November 16th Stef didn’t move as they rolled her out of the box. Limbs. She still had limbs. That was becoming more and more unusual. […]
The door cracked open. Light invaded the dark room, hurt his eyes, made him focus. Curt looked up, unable to muster the strength to shield himself from the brightness. A man stood silhouetted in the doorway – Ryan. The agent stared down at him for a moment, then entered the room, and joined him on the floor.
He lifted his hands and wiped at his eyes, feeling the dried tears on his cheeks. He knew he looked like shit, but there was nothing he could do, even if he’d cared.
‘I didn’t know where you were, Curt,’ Ryan said. He had the voice of an agent. The uncaring, even tone of some…thing without feelings, without emotions, without- He crashed his train of thought. It was dangerous, it was wrong. It wasn’t a lack of care, it was self-preservation, it was “slash-serious”.
Stef danced through his mind and he felt a stab of despair pierce the numbness. He blinked and tried to look at the agent. ‘Sorry sir,’ he said, his throat raw, dry, hurting. ‘I-’
‘Don’t apologise to me, Curt. Are- Are you all right?’
‘No.’ The answer came out as a whisper, as an admission of defeat.
‘I tried the mirror,’ Ryan said as he came to sit on the floor beside him. ‘I tried and it didn’t work.’ He laid a land on his shoulder. ‘She’s been taken up to the morgue.’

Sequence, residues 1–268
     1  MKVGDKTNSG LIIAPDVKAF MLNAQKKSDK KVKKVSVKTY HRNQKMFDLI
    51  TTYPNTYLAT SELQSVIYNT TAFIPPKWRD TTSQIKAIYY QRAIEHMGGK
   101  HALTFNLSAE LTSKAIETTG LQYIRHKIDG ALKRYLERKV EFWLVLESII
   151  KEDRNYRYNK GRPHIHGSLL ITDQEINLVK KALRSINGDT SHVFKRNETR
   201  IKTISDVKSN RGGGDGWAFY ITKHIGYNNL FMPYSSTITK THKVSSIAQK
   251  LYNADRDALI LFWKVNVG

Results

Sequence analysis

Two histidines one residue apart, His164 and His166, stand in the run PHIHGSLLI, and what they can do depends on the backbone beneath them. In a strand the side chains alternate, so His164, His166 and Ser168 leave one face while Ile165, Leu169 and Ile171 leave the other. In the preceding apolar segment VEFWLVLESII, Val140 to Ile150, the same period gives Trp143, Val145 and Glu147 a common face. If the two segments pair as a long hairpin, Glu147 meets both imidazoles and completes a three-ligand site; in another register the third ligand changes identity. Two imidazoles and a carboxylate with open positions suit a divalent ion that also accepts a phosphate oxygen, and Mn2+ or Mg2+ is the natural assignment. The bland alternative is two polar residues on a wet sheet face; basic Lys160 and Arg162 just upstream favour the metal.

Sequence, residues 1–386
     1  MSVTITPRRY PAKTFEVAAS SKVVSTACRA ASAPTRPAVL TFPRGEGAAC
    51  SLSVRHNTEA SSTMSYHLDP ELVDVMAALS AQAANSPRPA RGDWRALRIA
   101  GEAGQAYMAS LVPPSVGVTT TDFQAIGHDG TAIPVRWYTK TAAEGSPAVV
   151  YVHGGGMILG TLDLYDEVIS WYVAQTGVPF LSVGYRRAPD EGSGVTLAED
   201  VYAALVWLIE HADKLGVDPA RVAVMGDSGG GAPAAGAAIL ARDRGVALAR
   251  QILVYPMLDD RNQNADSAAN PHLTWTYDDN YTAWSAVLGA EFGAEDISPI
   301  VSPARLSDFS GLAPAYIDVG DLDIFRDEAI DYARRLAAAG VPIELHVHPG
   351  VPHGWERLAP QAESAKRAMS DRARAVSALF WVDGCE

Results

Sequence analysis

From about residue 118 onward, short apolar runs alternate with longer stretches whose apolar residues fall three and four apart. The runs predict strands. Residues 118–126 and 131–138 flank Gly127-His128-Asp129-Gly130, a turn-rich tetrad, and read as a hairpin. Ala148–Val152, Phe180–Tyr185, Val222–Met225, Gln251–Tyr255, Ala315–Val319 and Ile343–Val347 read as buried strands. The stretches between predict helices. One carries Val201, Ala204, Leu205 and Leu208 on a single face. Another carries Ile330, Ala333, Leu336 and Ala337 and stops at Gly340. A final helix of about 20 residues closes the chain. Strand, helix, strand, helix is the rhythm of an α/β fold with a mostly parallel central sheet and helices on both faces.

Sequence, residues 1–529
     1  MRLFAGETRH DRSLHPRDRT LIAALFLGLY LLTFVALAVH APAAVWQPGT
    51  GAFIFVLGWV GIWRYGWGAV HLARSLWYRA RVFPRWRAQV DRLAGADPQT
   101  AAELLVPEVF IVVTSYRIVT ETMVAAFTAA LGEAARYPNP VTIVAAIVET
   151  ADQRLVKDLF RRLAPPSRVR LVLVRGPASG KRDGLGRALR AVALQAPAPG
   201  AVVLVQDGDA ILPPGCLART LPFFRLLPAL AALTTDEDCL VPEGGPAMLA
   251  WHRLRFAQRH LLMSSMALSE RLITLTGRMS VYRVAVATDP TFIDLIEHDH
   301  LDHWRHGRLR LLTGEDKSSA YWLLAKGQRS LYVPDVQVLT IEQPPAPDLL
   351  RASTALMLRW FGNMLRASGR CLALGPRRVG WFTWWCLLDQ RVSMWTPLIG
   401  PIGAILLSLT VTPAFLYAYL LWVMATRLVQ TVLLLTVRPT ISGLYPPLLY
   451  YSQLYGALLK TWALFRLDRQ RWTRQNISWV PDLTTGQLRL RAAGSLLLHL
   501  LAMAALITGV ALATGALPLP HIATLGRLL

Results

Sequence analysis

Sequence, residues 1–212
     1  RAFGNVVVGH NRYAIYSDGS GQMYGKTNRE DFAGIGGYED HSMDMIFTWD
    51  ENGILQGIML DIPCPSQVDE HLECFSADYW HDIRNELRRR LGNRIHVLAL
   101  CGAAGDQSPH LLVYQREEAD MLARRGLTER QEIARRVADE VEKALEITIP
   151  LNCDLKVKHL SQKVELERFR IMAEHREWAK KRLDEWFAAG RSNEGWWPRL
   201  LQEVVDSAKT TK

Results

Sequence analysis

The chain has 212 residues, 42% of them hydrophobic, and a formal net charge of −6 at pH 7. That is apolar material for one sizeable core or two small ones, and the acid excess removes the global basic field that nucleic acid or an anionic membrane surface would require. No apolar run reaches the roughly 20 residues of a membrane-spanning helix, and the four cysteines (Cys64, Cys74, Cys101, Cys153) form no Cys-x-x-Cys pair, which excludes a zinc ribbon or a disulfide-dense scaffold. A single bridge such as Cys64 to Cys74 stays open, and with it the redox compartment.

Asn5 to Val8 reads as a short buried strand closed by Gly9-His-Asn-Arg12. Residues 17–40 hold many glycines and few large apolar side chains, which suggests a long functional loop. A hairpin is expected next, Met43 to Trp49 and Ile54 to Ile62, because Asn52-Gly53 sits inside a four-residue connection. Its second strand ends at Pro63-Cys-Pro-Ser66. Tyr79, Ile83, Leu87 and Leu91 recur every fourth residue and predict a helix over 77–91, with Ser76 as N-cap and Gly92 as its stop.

‘Why wouldn’t it work?’
‘I don’t- The mirror can’t bring back the dead.’
‘But she’s-,’ he said. Tears fell again. So many tears. An inexhaustible supply. ‘She’s right there, and she won’t wake up. It’s Stef, she always- She always- Why isn’t she getting up? Why didn’t the wish work? Why- Why-’
The agent hugged him.
He was too tired to scream again, to flail, to ball his hands into fists and curse the heavens. He slumped against the agent, folding in on himself, defeated, grieving. Ryan held on to him, and for a moment, he felt the paternal comfort Stef had ascribed to the agent since practically her first day.
‘Don’t think for a second that I’m not upset. But right now there are a hundred people in this building who need me not to be a grieving father. I have to do my duty, I have to, Curt, I don’t have a choice.’
‘She didn’t die for duty.’